It appeared like the Toronto Raptors sent their enigmatic young wing Terrence Ross conflicting messages this past summer. First they eliminated any doubt about the possibility of him being a starter this season by signing 29-year-old small forward DeMarre Carroll to a $60 million four-year deal. Then they re-affirmed their desire to keep Ross around for the long term by giving him a $31.5 million three-year extension. With the extension Ross becomes virtually untradeable this season under the terms of the CBA and solidifies his spot coming off the bench for the foreseeable future.
To say Ross brings out strong opinions from the Raptors fan base would be an understatement. There were a lot of fans that would rather have traded Ross than keep him or even just kicked his inconsistent butt to the curb to make room for the next prospect.
Rookie Norman Powell, veteran James Johnson or just about anybody else would do and their arguments are not without merit. Although there is a chance the brain trust running the team might – maybe – have just a little more information and experience with which to make decisions like these – just saying.
Ross did start the season looking pretty good in his new role, averaging 12.3 points, 46.2 percent shooting from three and a +4.3 points while he was on the court during his first three games. Then the old inconsistent Ross showed up for the next four contests where he shot 1-12 from three-point range and was a -4.3. Sometimes those +/- stats really do reflect what a player is doing for you on the court. The legitimate historical beef about Ross has been, when his shot isn’t falling, his defense disappears as well.
Perhaps mercifully Ross injured his left thumb and missed the next six games and when he returned, thumb all splinted up, he was playing more like his first three games. The thumb doesn’t look pretty, but Ross says its feels okay.
“It’s good, no problems with it,” Ross told Pro Bball Report after the win over Cleveland. “I’m getting (my rhythm) back, it’s coming.”
While his minutes are down, Ross’ efficiency has actually improved. He’s been shooting 50 percent from three since his return and has a +/- of +4 in those last three games. His activity level has been noticeably better and against the Cavaliers, Ross grabbed 3 boards and blocked 2 shots in just 10 minutes of work.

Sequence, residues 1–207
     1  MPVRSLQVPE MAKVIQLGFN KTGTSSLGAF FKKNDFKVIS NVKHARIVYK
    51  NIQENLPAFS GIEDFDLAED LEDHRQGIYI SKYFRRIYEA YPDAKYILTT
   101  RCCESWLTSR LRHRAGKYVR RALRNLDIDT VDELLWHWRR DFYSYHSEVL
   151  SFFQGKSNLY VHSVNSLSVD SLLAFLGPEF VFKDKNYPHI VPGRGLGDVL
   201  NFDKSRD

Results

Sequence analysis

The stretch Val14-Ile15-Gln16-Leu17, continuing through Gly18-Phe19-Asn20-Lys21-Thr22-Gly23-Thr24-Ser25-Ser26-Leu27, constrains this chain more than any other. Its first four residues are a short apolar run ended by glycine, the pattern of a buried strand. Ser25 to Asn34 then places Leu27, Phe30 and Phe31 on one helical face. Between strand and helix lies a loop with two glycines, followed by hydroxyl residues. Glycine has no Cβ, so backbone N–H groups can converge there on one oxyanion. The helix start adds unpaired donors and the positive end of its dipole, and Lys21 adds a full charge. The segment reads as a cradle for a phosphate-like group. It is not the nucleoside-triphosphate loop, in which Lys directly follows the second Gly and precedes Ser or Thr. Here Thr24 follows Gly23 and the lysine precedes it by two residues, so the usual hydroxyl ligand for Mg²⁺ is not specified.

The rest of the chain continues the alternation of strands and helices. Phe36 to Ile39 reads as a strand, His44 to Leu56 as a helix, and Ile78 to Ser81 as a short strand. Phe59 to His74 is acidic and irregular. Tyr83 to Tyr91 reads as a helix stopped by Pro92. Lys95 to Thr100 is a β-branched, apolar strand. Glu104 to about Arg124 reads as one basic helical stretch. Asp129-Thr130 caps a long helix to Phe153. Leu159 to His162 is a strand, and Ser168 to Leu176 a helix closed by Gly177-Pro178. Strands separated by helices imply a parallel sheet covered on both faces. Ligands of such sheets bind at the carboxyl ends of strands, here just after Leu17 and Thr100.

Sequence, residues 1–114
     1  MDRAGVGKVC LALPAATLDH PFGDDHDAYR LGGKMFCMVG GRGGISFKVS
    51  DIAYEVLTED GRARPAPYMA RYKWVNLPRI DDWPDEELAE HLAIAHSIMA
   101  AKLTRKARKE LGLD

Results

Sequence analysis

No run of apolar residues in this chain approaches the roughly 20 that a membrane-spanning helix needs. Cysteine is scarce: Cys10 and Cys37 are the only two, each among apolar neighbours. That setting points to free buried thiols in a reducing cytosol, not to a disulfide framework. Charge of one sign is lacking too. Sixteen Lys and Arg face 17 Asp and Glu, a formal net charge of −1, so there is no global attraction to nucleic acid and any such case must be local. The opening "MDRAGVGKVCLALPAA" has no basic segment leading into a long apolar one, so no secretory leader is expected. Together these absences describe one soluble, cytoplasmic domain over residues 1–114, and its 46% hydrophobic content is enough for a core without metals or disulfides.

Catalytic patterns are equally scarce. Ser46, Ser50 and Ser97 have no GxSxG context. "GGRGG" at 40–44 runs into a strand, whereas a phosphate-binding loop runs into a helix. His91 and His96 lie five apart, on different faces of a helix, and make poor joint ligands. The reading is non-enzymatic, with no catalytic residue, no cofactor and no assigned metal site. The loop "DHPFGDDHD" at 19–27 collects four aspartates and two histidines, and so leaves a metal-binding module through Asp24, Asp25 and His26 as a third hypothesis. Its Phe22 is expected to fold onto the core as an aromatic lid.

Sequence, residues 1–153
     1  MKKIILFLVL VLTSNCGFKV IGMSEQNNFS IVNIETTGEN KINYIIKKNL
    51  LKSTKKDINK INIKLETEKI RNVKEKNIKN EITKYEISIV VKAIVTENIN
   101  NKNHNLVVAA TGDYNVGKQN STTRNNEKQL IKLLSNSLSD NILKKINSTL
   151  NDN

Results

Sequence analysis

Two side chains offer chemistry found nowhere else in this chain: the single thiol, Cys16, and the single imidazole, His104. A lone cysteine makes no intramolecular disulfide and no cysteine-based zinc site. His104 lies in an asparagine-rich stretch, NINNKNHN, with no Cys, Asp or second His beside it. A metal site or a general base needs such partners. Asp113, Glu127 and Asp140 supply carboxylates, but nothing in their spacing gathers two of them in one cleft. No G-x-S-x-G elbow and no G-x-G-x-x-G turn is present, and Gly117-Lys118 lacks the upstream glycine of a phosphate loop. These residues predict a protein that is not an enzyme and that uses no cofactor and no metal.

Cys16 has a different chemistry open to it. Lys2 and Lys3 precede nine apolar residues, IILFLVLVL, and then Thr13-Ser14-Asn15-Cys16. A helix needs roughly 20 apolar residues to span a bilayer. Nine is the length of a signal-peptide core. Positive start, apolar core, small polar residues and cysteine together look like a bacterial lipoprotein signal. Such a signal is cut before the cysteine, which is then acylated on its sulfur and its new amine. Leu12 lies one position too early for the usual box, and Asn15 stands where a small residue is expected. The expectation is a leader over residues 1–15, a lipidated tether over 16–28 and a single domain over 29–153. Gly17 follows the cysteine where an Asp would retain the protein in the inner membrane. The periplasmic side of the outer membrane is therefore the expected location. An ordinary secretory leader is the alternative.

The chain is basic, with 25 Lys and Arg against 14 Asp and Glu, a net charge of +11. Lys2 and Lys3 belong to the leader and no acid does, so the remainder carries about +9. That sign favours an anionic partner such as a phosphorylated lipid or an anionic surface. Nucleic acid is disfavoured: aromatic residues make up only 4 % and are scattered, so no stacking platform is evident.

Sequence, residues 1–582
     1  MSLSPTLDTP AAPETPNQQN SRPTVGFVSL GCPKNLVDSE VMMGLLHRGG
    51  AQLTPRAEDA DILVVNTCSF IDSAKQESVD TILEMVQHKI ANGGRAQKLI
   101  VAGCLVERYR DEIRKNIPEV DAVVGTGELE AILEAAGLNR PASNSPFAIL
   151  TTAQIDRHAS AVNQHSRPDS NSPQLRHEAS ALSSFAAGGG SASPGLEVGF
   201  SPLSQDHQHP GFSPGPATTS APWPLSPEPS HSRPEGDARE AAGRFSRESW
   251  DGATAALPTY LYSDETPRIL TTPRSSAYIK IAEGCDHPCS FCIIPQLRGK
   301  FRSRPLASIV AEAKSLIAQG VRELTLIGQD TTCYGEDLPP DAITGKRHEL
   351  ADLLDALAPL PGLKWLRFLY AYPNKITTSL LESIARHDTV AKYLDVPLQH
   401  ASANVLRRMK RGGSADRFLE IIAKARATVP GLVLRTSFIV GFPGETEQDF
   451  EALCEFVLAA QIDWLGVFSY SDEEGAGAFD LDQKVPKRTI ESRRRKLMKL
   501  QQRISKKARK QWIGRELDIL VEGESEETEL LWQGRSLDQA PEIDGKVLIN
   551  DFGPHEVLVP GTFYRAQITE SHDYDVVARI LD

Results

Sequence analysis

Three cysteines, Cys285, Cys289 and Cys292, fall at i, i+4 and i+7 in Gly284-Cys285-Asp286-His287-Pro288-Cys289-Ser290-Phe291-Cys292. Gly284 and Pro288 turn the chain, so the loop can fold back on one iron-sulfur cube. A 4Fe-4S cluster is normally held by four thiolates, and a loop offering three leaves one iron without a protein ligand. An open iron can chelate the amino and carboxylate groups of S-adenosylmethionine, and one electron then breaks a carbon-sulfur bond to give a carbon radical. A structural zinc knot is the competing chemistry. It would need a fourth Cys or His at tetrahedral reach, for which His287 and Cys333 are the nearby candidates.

“We got to come in and change the game,” Ross said. “We have to take responsibility and do that every night.”
Ross has never complained about coming off the bench and has said all the right things about embracing his new role. Coming off the bench can give a young player a chance to watch what is going on in a game and come in ready to make an impact. With the minutes available down, Ross has to be more focused and that could be just what he needs.
“It’s fun,” Ross insisted. “You get to see what the game needs and you can step in and provide it.
“Just have focus, it’s easier for me. I got to see what it is like to be a starter and I got to see what it is like to come off the bench, so I kind of know what to do and I am prepared for it.
“We’ve played a lot of games. This is my fourth year, so I’ve kind of caught on to it.”
Ross is in his fourth NBA season, so you know the team is hoping he will find his focus this time to go with his obvious shooting ability. They did after all just guarantee their young wing another +$30 million. His detractors will be waiting for Ross to pull another disappearing act, after all, it isn’t all that hard to find the last one.
Can Ross find his focus in a bench role? He should be able to. He knows what to do and says all the right things. As with any young player trying to prove himself, it’s all on Ross to just do it. No one doubts this kid’s talent.
“(Ross) can guard guys at his position,” Casey insisted. “Offensively we can take advantage of a lot of his strengths. We are not going to have a guy coming in doing isos and one-on-ones and stuff like that, but he can space the floor with the second unit. Definitely there are going to be situations he is going to be in where we do go small. Terrence is an excellent piece for both units in certain situations defensively and definitely certain situations stretching the floor.”